For now the forces of evil are allowed to exist in this world, but there is coming a day- a day that they themselves fear, where their influence will be completely stopped. We know this day is coming and they know this day is coming. This passage seems to convey that for now, there is somehow some sort of temporary comfort for them, to dwell in a physical body before the day comes where they will be cast into their place of the eternal fire.

I think it’s interesting to note that all of Jesus’s previous miracles are described as being immediate.  Jesus spoke, and it happened.  The disciples had just witnessed Him say “Hush, be still” and immediately the wind died down and the water become perfectly calm.  But here, there seems to be a slight delay, Jesus says “Come out”, and the demon interrupts, and then there is further conversation before the man is freed from the demonic oppression. We know that Jesus has power and authority over all of creation, including the spirit world, but when dealing with men and women who have freewill, His power can be delayed, even stopped. God has set parameters over His own power, limiting Himself in what He can and cannot do when it comes to mankind’s freewill.  For example, as we’ll see shortly, Jesus was prevented from doing many miracles in His hometown due to the unbelief of the people (Matthew 13:58) You see, there are circumstances in which mankind has been given a role in the manifestation of Jesus’s power. We can either be conduits that help His power flow, or we can be obstructions that hinder His power from flowing.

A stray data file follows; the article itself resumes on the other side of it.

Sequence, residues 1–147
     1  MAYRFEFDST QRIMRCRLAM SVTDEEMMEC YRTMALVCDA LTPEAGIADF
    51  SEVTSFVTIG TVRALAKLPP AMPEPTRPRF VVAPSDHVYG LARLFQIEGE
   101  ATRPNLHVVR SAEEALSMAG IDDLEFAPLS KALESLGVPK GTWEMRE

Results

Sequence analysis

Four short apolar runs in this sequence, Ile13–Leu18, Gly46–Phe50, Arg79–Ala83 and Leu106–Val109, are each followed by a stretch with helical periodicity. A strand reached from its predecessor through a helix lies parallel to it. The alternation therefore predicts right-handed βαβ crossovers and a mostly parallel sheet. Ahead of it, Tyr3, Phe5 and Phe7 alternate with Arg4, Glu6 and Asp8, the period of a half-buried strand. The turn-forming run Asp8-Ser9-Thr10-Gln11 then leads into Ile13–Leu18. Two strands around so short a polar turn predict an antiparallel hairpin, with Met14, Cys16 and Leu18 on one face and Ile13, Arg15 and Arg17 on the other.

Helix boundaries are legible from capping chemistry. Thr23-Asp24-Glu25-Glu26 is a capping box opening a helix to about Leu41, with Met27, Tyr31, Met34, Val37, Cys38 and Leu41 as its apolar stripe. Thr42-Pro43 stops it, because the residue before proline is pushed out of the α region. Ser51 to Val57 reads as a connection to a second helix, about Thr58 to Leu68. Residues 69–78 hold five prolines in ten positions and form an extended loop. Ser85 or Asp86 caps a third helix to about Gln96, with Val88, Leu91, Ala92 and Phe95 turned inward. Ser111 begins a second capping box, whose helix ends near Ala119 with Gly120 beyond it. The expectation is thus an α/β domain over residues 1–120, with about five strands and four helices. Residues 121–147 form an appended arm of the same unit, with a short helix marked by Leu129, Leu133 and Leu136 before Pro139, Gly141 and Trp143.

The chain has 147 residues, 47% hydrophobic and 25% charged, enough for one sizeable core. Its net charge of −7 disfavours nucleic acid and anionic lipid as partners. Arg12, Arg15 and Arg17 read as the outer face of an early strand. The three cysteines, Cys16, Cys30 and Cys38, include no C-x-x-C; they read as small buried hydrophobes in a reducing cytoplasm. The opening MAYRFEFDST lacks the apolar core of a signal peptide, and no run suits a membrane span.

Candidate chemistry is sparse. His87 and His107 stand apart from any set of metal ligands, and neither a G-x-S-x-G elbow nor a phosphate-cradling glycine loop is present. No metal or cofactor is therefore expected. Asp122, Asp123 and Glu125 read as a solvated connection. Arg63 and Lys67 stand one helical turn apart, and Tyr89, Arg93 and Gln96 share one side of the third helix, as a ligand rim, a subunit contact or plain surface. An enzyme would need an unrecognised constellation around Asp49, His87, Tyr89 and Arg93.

I believe that this man had some part he had to play, even as out of control as he was, even being the victim of a malicious supernatural force- what little fragment of his mind he could still control had to respond to Jesus and want to be freed by Him.

So as the battle raged in this man, as he bowed down, but the demons interrupted, Jesus attempted to connect again with the man by asking his name.  Notice the change of pronouns in verse 9, it doesn’t say that he responded “OUR name is Legion for WE are many”, it says “MY name is Legion, for WE are many.” It goes from the singular to plural in one sentence. I imagine the man, sensing Jesus’s overwhelming love and power, regained control momentarily, desiring earnestly to be freed, and spoke out “My name is…” but before he could say his name, the dark leading spirit inside him took over again and interrupted, saying “Legion, for we are many.” The word legion was a Roman word, describing a large number, for example a legion of soldiers was typically at least 3000-6000 troops. You can imagine the torment of this man if indeed he had 3000-6000 demons afflicting him and attempting to control him.  

But despite their great number and strength, the demons began to realize that they were losing this battle. They could not remain inside the man with him desiring Jesus to send them away. In fear, they began to beg Jesus not to send them out of their territory. Much of the dark spiritual world we do not understand, we don’t have all the details, but there seems to be parameters set upon demons, perhaps territorial assignments in which they are not allowed the same power if they were to relocate from their specific territory. Luke’s account gives us an added detail to Mark’s verse 9, he says “They were imploring Him not to command them to go away into the abyss.” (Luke 8:31) So if it is true that demons have assigned territory, and they then break the territorial rules, perhaps they risk punishment including being sent into the abyss, a prison holding place mentioned in Revelation 20. So perhaps in fear of being cast into another territory, in fear of losing influence and power, in fear of being bound to the abyss, in verse 12 we see that they begged Jesus to be allowed to enter into the large herd of swine.